I'm trying to figure out how to do this exercise without actually telling Payton to touch. Just clicker train the 2o2o, then send him over a jump and wait for him to offer the 2o2o? I feel like this could be confusing for him but maybe not.

    Another exercises is to run in a straight line and tell the dog to down in line with a mat, or a cone, or a tree. I understand conceptually how this is related to contacts (conceptually...) but you basically HAVE to issue a command here - tell the dog to down - so if I want to relate this to a contact it seems like I would HAVE to issue a target command as well?
    There is a later exercise in the book where the dog runs across a flat plank and you tell them to stick the contact while you continue to run; this one I can see doing without having to use a contact word. Also this one I get as it relates to contacts more than just conceptually. I'm wondering if I should just scrap the "do a down while I'm running" activity at least as it relates to contacts (it's something we've been working on more for herding. =P)?


    It's probably not really important but in my head I just wanted the criteria of doing each contact to be clear without having to have any extra words to use. It's not like I didn't use a contact word with Auggie so I COULD but... meh... I'm probably just overcomplicating things by trying to simplify them haha.
     
  9. SaraB

    SaraB New Member

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    I'm glad I taught her the contact word. As much as it SHOULD be part of the criteria, there are times when she needs a reminder and I'm glad I have the ability to remind her.

    Now, when I was teaching the dog walk I only said it for the beginning stuff, once she was running the full height dog walk and understood the contact process, I stopped using it and just used "walk it" and the "bottom" was implied. However, like I said, she's high as a kite and needs a reminder every now and then.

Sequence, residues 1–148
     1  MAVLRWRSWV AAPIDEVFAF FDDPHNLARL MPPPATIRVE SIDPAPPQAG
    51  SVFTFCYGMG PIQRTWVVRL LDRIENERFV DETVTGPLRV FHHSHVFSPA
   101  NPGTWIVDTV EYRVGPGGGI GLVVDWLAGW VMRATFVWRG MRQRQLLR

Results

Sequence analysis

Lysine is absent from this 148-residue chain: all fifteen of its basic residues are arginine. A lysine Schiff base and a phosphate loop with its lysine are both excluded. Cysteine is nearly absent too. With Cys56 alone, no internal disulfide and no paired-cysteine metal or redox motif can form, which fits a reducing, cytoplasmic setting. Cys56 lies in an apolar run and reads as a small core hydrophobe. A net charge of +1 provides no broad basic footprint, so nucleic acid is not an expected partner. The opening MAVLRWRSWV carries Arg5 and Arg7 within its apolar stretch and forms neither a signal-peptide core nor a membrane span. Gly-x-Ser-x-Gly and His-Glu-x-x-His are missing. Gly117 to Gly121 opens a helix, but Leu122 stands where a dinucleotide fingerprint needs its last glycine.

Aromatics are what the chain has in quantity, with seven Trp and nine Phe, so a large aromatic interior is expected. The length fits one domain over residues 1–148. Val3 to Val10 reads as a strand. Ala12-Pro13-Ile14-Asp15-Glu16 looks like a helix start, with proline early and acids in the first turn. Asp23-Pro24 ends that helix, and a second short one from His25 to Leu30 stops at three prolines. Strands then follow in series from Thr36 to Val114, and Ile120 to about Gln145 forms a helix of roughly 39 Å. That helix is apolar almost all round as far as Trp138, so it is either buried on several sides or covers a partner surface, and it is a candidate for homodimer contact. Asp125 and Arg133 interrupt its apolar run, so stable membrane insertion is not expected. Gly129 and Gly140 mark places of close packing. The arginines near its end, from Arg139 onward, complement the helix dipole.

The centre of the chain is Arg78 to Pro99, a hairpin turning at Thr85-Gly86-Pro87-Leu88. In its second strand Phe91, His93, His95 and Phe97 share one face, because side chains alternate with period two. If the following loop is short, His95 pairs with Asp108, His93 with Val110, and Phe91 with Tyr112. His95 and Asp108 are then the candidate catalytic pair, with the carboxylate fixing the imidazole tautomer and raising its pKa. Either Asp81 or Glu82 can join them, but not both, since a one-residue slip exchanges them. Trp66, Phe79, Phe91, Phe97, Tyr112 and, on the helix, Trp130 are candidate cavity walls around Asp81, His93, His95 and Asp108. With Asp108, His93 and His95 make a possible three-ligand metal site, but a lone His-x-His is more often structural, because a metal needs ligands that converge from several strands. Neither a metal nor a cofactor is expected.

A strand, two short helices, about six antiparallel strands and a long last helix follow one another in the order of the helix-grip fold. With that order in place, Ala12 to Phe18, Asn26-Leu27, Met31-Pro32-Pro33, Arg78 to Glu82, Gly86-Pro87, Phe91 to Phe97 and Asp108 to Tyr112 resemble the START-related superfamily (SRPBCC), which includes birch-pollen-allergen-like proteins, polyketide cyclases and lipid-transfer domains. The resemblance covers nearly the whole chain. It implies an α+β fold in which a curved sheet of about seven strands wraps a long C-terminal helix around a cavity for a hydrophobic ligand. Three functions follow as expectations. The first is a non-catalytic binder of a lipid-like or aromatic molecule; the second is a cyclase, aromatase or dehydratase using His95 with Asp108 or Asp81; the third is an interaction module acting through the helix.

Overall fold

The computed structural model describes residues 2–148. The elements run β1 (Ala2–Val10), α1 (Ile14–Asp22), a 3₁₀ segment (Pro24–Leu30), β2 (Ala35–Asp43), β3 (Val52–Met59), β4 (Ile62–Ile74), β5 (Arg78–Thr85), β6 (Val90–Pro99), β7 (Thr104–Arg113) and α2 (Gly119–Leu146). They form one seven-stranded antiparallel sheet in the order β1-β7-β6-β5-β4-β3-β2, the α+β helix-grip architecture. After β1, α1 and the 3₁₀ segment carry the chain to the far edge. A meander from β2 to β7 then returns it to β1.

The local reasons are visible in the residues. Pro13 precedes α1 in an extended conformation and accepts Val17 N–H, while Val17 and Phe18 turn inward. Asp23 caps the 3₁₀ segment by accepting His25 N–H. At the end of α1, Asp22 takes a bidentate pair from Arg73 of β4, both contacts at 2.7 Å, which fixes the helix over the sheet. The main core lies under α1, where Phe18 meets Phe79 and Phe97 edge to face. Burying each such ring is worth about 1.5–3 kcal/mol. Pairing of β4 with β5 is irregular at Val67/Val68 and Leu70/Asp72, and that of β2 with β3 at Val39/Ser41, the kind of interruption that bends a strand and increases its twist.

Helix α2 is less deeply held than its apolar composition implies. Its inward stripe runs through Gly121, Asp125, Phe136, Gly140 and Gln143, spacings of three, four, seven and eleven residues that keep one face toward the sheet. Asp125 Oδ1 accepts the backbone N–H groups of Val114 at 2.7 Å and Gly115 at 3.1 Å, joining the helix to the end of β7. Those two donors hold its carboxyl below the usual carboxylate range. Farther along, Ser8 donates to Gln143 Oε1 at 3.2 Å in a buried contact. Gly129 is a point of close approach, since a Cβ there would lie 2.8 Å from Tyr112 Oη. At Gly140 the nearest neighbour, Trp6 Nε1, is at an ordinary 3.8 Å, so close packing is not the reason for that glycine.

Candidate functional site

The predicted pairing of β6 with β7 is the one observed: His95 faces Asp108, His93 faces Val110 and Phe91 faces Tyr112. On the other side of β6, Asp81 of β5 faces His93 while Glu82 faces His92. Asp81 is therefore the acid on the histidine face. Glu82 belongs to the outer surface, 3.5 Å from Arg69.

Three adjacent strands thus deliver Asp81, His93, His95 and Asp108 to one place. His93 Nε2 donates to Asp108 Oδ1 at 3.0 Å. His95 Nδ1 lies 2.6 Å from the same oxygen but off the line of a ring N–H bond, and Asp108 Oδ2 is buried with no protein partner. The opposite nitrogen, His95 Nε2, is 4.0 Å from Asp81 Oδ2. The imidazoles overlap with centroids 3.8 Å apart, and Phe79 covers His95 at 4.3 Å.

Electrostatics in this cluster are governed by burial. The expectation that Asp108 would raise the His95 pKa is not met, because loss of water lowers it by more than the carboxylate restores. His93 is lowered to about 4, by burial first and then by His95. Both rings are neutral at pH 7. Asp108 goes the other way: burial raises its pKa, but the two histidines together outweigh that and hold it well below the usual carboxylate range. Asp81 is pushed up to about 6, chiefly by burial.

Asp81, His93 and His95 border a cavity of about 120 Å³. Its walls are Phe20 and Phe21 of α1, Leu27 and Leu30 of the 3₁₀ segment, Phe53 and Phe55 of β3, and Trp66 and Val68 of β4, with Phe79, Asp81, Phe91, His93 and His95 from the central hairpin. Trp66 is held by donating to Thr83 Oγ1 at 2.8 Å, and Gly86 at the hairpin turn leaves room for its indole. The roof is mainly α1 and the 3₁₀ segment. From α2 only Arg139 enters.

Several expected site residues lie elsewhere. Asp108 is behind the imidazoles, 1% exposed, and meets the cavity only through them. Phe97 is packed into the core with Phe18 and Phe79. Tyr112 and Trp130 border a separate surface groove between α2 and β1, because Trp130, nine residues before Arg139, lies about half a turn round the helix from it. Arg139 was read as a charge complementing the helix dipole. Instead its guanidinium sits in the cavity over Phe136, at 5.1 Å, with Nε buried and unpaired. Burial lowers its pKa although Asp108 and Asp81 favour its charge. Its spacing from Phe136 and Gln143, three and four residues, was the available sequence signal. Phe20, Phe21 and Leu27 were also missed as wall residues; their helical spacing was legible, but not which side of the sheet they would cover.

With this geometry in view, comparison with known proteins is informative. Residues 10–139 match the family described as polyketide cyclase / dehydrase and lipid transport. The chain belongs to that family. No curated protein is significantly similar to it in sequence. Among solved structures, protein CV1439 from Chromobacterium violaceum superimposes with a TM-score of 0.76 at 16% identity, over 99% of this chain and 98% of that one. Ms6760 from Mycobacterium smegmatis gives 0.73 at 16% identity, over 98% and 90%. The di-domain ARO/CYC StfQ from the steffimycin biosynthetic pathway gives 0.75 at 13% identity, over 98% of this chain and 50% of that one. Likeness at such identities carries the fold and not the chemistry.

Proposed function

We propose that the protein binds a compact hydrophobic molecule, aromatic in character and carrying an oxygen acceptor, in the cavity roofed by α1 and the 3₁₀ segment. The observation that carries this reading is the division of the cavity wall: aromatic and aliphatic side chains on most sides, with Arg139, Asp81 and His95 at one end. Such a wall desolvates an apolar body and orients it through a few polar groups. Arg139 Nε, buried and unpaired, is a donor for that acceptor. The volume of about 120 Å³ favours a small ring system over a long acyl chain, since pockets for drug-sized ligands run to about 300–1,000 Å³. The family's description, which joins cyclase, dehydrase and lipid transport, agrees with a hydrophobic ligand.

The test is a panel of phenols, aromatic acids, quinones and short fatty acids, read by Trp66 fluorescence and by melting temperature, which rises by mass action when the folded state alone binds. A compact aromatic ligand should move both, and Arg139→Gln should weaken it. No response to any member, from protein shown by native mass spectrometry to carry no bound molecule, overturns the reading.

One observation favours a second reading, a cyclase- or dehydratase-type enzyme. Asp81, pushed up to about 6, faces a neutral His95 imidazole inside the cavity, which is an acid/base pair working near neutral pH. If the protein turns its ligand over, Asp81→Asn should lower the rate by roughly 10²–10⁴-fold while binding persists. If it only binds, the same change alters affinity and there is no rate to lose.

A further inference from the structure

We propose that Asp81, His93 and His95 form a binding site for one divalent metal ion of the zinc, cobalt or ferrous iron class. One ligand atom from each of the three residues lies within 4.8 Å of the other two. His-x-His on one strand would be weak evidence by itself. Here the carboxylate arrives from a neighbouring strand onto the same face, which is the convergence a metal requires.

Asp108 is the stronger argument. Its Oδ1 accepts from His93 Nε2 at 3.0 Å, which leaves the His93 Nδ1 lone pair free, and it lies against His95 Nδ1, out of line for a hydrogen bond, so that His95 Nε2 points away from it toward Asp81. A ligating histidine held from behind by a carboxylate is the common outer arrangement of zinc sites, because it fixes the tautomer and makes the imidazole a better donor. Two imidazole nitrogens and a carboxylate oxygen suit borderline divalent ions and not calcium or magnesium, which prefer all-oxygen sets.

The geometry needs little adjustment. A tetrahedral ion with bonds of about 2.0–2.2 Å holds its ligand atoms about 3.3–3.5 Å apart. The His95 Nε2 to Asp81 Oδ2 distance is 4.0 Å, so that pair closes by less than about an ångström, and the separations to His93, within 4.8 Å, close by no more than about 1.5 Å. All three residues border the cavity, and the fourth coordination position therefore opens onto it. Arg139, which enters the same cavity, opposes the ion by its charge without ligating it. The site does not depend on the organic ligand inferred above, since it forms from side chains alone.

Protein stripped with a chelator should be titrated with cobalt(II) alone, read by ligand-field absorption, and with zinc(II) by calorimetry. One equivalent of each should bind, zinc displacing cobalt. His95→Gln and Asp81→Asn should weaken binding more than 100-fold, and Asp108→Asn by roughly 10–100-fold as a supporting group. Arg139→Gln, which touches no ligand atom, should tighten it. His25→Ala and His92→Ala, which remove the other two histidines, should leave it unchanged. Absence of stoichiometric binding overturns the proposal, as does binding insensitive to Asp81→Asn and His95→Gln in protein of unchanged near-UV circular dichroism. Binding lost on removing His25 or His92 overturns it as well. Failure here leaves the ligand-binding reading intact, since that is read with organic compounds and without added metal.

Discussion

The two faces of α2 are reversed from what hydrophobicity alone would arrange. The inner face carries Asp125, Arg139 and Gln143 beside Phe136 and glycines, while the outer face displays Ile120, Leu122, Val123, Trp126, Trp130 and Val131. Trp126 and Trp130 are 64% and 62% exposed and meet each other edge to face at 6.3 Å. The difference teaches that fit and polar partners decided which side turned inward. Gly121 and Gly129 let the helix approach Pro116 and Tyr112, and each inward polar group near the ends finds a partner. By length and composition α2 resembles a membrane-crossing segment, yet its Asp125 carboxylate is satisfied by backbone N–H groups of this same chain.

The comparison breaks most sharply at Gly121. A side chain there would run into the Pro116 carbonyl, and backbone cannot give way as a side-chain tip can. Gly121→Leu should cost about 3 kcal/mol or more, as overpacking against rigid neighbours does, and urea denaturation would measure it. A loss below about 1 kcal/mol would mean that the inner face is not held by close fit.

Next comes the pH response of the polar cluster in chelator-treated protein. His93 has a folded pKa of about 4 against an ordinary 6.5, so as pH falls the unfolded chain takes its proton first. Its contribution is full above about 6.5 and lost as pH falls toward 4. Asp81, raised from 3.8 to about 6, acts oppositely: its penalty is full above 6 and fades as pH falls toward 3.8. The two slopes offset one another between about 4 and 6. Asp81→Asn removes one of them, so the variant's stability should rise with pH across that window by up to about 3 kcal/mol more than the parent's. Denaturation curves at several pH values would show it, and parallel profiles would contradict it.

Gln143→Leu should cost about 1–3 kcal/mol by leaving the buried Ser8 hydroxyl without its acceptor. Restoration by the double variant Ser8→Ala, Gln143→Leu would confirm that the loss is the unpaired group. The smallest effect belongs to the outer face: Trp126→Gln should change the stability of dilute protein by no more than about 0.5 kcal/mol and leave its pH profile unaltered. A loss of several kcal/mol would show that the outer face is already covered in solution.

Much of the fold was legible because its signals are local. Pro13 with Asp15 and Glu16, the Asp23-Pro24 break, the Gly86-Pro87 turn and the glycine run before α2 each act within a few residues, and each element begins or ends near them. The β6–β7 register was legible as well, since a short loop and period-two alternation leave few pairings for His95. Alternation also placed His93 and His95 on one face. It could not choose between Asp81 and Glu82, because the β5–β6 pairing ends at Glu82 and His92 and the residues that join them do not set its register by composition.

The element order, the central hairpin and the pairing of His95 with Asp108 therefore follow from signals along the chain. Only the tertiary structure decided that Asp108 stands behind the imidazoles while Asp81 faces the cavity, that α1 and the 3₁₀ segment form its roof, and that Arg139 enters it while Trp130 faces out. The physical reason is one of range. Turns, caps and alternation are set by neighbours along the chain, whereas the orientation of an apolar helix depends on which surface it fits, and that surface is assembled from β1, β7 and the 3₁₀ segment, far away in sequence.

10. BostonBanker

    BostonBanker Active Member

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    Meg has a cue word (mat). I spent so much time changing my criteria for her, I had to do something to make what I wanted clear when I finally made up my mind. Her contacts have never been reliable in competition, I think because I was so unclear for a long time.

    Gusto doesn't have a cue word that he relies on. I was very clear from day one what I wanted from him with contacts, and I knew I didn't want to rely on a verbal cue. When I was training on boards/planks/stairs/etc, I did teach a cued nose touch in the 2 on/2 off, with a verbal cue.

    I don't (and never have) regularly cued on full equipment - the stopped contact should be (and is) part of my criteria. IF I think he's going to break, or self-release early, or anything, I can verbally cue the nose touch to strengthen the behavior - without the verbal cue, my criteria does not include a nose touch (although I often get it anyway).
     
  11. katielou

    katielou Slave to the Aussie

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    Abe does for the same reason Zuma does.

    I just faded it out pretty much as soon as I trusted he knew what it was I wanted.

    I don't have to use it for him to do it, he does it 99% of the time but I have the word there in case he gets the crazies and i need to remind him.
     
  12. DianeRushMav

    DianeRushMav New Member

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    I trained my first border collie, Rush, to stop into 2o2o with the command "feet", and she will stop very consistently in competition with just the command, sometimes even without it. I will say nothing and say Go if I want her to keep running. She stresses at trials so sometimes I do that just to keep her momentum going.

    My younger Border Collie, Maverick, was started on the same concept. Taught the end behavior, back chained, he still ran all his contacts. My trainer at the time wanted me to get him to do the end behavior whenever I said "walk-it", we did a LOT of work to make him have automatic contacts and it didn't work. After all that conditioning he would only stop in trials if I said "feet", which is his contact command as well. So now we practice with his old command, and all that conditioning worked, it just worked to make him stop with his command not automatic contacts.

    I personally think its possible to train the behavior (most everyone at my old training club who started there with their puppies has an automatic stop), they just need to be trained it from the beginning. End behavior worked on, then back-chaining and then adding in the command for the d/w and aframe. I think because Maverick already had his dog-walk and aframe command he dismissed the end behavior because his dog-walk command was trained before I started conditioning an automatic stop. I think after a few years he will stop without a command, but seeing as how we just got through two trials with completely stopped contacts on ALL contact equipment (before he would think the teeter was an optional stop), I don't wanna take any chances.